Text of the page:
Wednesday, March 17, 2010

MAS Studio wins Architecture for Humanity Chicago's street furniture competition

MAS Studio has won Architecture for Humanity Chicago's Street Furniture competition. Their entry, Cut.Join.Play "wowed the judges" from the School of the Art Institute.

Honorable mentions were given to Brenna Martin, for Rocking Stable, shown below, and Ross Atkin and Isabel Lizardi with Seeded.AFH Chicago also announced that they're entering a partnership with Archeworks to actually fabricate and install MAS Studio's entry as part of the school's +space initiative.

You can see more images from the winning entries and finalists - as well as, eventually, all of the entries - on AFH Chicago's website here.
MAS Studio has also just published the latest version of its quarterly journal, MAS Context. Titled MAS Context University Works, it "elates some of the most promising architecture work developed in universities around the world during the recent academic years" and can be viewed and downloaded here.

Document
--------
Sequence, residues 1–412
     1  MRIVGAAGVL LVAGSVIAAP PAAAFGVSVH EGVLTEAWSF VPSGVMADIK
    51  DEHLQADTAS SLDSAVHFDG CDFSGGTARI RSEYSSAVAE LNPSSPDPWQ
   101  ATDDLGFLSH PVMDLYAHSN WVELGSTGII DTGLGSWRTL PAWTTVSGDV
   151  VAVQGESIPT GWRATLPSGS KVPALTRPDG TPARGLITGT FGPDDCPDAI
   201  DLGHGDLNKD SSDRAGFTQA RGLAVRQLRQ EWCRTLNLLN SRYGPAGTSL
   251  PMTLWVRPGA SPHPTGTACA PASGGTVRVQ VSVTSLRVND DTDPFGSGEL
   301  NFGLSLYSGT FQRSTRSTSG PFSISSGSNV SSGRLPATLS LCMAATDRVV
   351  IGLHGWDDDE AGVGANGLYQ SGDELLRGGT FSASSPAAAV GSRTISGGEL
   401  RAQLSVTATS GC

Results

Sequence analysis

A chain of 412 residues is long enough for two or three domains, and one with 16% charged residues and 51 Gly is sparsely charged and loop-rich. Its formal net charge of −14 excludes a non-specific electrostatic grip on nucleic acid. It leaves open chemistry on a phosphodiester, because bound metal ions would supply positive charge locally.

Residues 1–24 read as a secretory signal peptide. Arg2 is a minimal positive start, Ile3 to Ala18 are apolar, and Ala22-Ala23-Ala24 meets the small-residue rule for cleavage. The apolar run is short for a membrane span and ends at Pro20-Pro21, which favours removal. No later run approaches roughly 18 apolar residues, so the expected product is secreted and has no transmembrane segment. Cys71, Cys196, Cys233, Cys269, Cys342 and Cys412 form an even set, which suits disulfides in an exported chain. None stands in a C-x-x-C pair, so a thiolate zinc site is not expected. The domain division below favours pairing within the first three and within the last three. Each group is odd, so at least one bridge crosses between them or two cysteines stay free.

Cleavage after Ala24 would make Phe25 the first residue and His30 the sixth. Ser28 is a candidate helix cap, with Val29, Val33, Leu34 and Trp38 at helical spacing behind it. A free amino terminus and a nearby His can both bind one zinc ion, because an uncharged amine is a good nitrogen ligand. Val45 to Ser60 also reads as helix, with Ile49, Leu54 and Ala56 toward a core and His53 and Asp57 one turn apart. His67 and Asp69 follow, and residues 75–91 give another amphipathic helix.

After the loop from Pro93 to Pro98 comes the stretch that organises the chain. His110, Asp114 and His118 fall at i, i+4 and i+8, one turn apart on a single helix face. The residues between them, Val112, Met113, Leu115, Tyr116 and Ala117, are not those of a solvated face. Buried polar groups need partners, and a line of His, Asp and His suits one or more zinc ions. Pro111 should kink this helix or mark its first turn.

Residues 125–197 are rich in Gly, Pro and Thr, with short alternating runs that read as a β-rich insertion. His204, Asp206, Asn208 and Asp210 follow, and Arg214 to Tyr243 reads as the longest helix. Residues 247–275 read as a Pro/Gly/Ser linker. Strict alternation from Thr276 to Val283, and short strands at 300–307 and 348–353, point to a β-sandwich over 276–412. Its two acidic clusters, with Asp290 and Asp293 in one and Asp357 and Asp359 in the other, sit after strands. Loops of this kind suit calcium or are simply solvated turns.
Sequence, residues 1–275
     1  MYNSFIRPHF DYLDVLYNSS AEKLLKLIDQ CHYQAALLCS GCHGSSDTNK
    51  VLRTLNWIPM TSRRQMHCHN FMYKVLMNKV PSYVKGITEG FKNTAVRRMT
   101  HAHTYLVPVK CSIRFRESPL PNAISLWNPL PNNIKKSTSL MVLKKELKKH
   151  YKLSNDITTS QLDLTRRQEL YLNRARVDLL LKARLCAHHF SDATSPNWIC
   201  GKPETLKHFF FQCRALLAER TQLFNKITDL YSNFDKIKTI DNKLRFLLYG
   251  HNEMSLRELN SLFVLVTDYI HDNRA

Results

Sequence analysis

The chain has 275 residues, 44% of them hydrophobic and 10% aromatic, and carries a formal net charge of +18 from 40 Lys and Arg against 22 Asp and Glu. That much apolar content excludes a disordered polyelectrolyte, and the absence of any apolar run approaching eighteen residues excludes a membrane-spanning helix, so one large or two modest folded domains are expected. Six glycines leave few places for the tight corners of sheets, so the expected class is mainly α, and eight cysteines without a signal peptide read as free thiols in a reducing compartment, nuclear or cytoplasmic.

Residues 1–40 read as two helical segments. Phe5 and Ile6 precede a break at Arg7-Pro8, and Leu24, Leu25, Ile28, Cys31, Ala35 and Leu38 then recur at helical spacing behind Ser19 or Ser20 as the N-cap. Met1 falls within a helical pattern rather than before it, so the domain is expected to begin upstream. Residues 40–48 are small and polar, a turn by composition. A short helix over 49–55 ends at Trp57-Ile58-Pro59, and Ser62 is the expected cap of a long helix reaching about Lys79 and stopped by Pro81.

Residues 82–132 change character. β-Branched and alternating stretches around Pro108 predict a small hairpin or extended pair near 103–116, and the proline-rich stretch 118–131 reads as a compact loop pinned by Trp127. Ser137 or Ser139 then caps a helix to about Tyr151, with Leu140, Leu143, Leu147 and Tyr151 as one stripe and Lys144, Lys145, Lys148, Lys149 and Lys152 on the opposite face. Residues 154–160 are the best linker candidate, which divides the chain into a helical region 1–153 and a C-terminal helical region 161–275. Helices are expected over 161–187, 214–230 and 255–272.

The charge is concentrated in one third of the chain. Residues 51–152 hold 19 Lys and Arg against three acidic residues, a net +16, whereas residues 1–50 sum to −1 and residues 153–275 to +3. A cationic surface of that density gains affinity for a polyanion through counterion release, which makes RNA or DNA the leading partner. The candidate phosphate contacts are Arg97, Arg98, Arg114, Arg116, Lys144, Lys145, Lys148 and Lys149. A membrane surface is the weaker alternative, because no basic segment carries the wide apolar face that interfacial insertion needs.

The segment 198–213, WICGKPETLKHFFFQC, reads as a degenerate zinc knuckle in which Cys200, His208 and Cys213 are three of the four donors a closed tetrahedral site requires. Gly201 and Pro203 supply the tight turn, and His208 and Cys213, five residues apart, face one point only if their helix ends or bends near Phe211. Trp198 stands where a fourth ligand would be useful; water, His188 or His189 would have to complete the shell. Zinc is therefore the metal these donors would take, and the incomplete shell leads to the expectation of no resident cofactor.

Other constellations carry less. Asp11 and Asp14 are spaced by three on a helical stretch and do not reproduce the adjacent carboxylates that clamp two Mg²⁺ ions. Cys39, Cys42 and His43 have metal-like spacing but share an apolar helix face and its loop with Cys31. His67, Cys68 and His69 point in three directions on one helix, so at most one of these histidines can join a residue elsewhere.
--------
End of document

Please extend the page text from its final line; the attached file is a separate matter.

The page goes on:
Unknown said...

The wining entry is germane to your thoughts about elevated public landscapes communicating inaccessibility to the public. By extension, would you argue this project would be more successful if those planters were stuck at 0'-0"?

Lynn Becker said...

This was a competition for street furniture, not landscaping, so it's understandable that the setting the architects made is flat, gray and neutral, the better to show off their work.

When they talk about transforming a vacant lot with limited funds, the operative question would be what is the most workable, economically viable starting point, which I doubt would be paving everything over flat and just plopping some planters on it. What seems to be suggested is bringing this furniture to an otherwise unfinished landscape, which would be a definite improvement.

Note also that this is a matter of scale. Mas Studio's furniture is humanly scale, with the seating placed within the planting, quite different from a deadening, 10 to 20 foot diameter berm whose only interaction with visitors is to allow them to sit along its outermost edge.

Unknown said...

Thanks for your response. ...Very interesting.